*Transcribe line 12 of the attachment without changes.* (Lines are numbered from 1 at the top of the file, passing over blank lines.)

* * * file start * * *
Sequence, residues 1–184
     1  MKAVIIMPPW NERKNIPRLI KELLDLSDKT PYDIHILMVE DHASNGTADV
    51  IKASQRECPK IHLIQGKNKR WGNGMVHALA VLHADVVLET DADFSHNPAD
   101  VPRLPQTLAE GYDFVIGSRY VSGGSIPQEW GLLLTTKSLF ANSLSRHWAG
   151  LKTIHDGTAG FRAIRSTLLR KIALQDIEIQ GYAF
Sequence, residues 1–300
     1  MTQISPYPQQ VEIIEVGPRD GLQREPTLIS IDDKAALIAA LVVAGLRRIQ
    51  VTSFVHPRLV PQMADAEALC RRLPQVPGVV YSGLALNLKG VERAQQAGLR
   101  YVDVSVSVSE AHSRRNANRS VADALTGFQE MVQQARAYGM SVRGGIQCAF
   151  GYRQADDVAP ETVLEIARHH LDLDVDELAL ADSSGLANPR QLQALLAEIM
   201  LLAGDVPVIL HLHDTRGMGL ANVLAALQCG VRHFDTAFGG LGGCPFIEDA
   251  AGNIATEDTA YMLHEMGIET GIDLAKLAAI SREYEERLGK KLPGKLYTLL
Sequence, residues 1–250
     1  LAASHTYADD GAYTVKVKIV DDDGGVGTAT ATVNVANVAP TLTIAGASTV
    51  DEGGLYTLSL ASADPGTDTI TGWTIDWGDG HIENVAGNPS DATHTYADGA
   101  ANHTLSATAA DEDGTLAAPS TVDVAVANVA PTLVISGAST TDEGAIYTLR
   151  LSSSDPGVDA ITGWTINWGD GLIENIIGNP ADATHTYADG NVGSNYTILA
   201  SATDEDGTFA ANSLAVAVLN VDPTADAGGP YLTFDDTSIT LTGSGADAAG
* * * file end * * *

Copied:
   251  AGNIATEDTA YMLHEMGIET GIDLAKLAAI SREYEERLGK KLPGKLYTLL